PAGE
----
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Fall Fun Food and Drink Chapter Three - Ethiopia in my cup · 20.09.09 by colin newell

It is said that single-origin coffee and direct trade relationships with importers can be the key to breaking cycles of poverty in a coffee-producing country like Ethiopia.

With programs like Cup of Excellence making inroads; getting a fair price for the folks that produce the raw materials and bypassing dozens if not hundreds of middlemen – a life of circuitous misery guaranteed…
…the World has actually become a better place for coffee farmers.

So what is happening with Ethiopia right now? And why, does it seem that the government is taking a step backwards?

Some history.

From Fortune magazine: To produce a pound of organic sun-dried coffee, farmers in the southern Ethiopian village of Fero spread six pounds of ripe, red coffee cherries onto pallets near their fields. They sun the fruit for 15 days, stirring every few minutes to ensure uniform dryness, then shuck the shells.

Last season, that pound of coffee fetched farmers an average price of $1.45. Figuring in the cost of generator fuel, bank interest, labor and transport across Ethiopia’s dusty roads, it netted them less than $1. In the U.S., however, that same pound of coffee commands a much higher price: $26 for a bag of Starbucks’ roasted Shirkina Sun-Dried Sidamo.

The price differential is evidence that Ethiopia has been unable to capitalize on its intellectual property, coffee.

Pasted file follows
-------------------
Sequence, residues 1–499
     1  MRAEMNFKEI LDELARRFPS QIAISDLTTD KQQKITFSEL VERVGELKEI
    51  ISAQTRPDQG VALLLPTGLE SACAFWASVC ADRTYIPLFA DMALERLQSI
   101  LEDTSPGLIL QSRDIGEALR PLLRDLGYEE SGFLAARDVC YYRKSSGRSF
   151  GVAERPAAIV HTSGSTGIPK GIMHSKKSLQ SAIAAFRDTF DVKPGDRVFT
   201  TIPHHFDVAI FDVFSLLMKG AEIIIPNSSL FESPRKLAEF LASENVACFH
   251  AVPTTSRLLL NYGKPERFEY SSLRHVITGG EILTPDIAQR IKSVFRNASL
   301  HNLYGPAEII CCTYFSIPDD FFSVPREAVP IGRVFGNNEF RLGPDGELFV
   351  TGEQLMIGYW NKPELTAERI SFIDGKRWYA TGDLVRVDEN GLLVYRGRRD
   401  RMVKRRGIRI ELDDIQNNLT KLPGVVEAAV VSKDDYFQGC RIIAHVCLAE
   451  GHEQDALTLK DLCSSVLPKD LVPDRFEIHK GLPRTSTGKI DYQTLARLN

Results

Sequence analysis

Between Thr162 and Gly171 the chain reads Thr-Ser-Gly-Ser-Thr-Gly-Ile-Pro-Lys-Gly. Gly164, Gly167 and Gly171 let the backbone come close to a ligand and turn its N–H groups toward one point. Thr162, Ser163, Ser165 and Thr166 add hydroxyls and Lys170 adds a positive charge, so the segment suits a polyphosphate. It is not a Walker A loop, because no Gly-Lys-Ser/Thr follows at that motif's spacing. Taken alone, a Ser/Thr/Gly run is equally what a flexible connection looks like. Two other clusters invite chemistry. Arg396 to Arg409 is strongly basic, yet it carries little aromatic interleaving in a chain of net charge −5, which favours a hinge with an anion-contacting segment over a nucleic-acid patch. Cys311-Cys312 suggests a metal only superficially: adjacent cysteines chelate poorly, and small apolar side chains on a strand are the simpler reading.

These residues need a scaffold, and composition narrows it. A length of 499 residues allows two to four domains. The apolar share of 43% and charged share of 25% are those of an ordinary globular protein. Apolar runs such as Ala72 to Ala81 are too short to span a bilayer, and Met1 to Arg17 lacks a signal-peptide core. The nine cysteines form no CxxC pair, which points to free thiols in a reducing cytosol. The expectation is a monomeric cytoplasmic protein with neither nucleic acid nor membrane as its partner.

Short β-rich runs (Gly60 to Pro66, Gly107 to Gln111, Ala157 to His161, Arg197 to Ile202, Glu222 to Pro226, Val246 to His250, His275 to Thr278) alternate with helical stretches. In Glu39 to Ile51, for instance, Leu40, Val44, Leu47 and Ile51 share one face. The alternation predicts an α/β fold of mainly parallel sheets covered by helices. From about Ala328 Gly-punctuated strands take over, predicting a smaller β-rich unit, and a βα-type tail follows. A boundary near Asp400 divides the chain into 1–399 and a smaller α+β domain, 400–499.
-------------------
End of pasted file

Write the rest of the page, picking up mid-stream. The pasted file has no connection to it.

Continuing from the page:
So Ethiopia decided to trademark names like Yirgacheffe, Harrar and Sidamo.
But Starbucks beat them to it.
And remarkable or not, this raises a wild ride of questions about our “right” to a great cuppa and the farmers right to capitalize on their wonderful beans.

In the end, Ethiopia won and created an Ethiopia Coffee Exchange (ECX) – and at many levels getting a real bead on where your great coffee beans are coming from… well exactly… is somewhat muted.
Still, Ethiopia’s 12 million plus subsistence farmers should be able to rise above some of the Western imposed adversity. For Starbucks, their public relations disaster, pitting the coffee company, which had record revenue of $7.8 billion last year, up 22 percent over 2005, against one of the world’s poorest countries, is a tad tacky.

And as a lover of Misty Valley Ethiopian coffee (a bean we might not be seeing for a while…), I am equally guilty (OK not 7.8 Billion dollar guilty…) of contributing on some small level to the misery in Country…
Except that this great coffee was probably purchased during an online auction netting the farmers 10 times as much money as they would have had on the other inferior schemes.

Coffee has always been a roller coaster – and Ethiopia is a great example of how great things can come to an awesome, proud and hardworking people… if we can all just figure this thing out.

Coming up, a review of a “pooled” Ethiopian coffee – a truly great one… From Transcend Coffee in Edmonton, Canada.

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